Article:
Snow probably kept people away from the Joliet Park District’s first public pitch for its proposed tax increase at an open house Saturday morning.
But park officials got a good warm-up for two upcoming public forums on the April 2 referendum when one area resident grilled them with questions.
The park district is seeking a 58 percent increase in its property tax rate.
Park officials want to make their case to the public at three forums.
But their voices echoed in the mostly empty hangar at Joliet Regional Airport, where only five people showed up for the first forum as the last of 4.3 inches of snow measured at the airport was falling.
Park Board President Sue Gulas said the low turnout “was totally due to the weather.”
But one outspoken taxpayer at the meeting suggested lack of public attention to local government will lead to low turnout at the election, as well.
“It’s a shame that more people don’t come out and vote,” said a man in a Bears sweatshirt and a baseball cap. “You’ll see it’s a small minority that’s going to make a decision for the majority.”
The man later refused to give The Herald-News his name. He did say he actually lived just outside Joliet, but has a son who lives in the city and could not be at the open house.
The tax increase will add an additional $85 per $100,000 of assessed valuation to a homeowner’s tax bill, or $120 for the average home in Joliet before senior and homestead exemptions, park officials said.
Park District Deputy Director Brad Staab said the $5 million in additional revenue generated by the tax increase is needed to maintain park operations.
Staab pointed to 65 parks, 23 facilities totaling 282,000 square feet and three golf courses in describing the scope of the park district.
“From the East Side to the West Side, the Joliet Park District touches the lives of just about everybody,” he said.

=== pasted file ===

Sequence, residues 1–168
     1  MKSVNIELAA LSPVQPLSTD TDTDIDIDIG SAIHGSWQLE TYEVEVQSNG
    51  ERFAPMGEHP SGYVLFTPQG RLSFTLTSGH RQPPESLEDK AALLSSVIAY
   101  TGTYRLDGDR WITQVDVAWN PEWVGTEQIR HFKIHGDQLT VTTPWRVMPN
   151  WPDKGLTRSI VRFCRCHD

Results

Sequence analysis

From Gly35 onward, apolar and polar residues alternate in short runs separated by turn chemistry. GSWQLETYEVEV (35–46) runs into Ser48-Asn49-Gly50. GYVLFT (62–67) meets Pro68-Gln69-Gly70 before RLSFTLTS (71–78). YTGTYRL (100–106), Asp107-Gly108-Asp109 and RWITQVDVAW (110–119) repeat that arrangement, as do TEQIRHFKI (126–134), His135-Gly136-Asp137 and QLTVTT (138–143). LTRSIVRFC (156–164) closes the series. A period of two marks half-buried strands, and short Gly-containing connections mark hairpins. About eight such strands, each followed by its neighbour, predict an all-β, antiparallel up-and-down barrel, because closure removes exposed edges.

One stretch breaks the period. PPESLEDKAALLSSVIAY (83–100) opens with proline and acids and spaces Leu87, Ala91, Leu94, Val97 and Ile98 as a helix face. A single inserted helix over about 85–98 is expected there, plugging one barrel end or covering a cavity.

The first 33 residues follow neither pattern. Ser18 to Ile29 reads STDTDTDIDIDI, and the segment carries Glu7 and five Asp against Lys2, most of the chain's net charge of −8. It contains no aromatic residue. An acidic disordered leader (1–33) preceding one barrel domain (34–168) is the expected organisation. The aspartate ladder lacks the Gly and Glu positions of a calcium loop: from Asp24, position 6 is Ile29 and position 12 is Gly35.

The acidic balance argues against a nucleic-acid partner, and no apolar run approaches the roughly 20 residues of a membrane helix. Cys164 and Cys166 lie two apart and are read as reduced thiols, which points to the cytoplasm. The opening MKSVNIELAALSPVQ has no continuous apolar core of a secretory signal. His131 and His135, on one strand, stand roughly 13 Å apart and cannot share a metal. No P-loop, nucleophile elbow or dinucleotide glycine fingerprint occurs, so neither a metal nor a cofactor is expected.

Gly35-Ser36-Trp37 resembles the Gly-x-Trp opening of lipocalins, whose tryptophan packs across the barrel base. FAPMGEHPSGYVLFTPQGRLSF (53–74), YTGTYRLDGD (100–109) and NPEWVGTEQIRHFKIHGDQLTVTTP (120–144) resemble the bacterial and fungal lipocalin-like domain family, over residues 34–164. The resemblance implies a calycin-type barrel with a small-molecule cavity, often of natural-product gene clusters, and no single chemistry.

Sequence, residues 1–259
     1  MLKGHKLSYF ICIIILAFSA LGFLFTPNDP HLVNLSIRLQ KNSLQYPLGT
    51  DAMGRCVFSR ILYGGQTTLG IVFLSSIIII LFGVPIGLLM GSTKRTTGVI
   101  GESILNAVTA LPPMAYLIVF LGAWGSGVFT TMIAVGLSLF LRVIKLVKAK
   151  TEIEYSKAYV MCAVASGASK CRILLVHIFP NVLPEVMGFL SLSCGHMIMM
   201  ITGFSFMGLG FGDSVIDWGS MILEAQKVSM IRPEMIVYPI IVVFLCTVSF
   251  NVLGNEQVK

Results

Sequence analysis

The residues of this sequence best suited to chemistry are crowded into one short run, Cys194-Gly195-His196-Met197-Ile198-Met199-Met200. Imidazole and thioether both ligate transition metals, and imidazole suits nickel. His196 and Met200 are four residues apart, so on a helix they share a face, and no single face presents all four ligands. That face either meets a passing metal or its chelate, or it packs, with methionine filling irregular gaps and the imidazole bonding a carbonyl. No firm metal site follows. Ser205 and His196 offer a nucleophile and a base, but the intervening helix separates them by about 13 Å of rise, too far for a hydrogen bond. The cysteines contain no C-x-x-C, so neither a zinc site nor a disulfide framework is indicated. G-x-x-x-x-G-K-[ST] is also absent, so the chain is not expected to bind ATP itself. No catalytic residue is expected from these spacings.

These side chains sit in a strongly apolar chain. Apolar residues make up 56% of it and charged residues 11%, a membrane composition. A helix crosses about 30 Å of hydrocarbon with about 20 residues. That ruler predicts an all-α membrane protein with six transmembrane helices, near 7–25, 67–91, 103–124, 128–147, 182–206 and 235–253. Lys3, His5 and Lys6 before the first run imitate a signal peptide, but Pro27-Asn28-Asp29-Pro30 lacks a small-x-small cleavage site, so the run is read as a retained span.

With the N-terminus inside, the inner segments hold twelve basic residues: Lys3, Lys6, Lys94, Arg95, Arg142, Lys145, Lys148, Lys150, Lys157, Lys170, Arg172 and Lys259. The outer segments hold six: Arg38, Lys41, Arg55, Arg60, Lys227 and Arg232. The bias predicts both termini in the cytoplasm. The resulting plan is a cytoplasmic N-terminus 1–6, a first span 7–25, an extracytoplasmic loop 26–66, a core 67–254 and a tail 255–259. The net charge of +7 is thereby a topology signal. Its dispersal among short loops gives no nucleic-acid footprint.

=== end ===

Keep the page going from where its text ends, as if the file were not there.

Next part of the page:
Staab pointed to the roof overhead the small audience in the 90-year-old hangar as an example of needed maintenance.
“If it were raining right now, we’d be getting wet,” he said. “The roof does not keep water out of this facility.”
However, the unnamed taxpayer, the only one asking questions at the forum, described the tax increase as “an absurd amount of money to ask to do more maintenance” and questioned why the park district does not charge higher rent to airport users.
“How can such a building 90 years old get in such deplorable condition and not be continually maintained, especially when you have big-ticket users like ComEd?” he asked.
Part of the hangar is rented to Haverfield, a company that provides helicopter services to ComEd, for $24,000 a year.
Airport manager Jennifer McFarland said the rent is comparable with other community airports.
Park officials said they are already too dependent on revenue from programs and operations.
“Most park districts operate 50-50 – 50 percent tax and 50 percent programs and fees,” Staab said. “We’re skewed very much the other way.”
He said the $8.8 million the park district gets from property taxes amounts to 32 percent of its revenue.
Gulas said program fees have been increased, and other measures have been taken to reduce costs and raise revenue.
She said the district has reduced staff through attrition, renegotiated the lease for the restaurant at Inwood, rented space to ATI Physical Therapy at Inwood, and extended the life of equipment to avoid replacement costs.
Upgrades at the Inwood ice rink have reached the point of urgency, she said.
“In a two-year time frame, the cooling system underneath the ice – you’re not going to even be able to get parts for it anymore,” Gulas said.
She said the park district has taken care of its maintenance needs “behind the scenes without crying wolf,” but has reached the point where it needs more revenue.
The next two open houses on the tax referendum will be:
• 6:30 p.m. Feb. 21 at Hartman Recreation Center, 511 N. Collins St.
• 6 p.m. March 12 at Kathy Green Multi-Purpose Center, 3000 W. Jefferson St.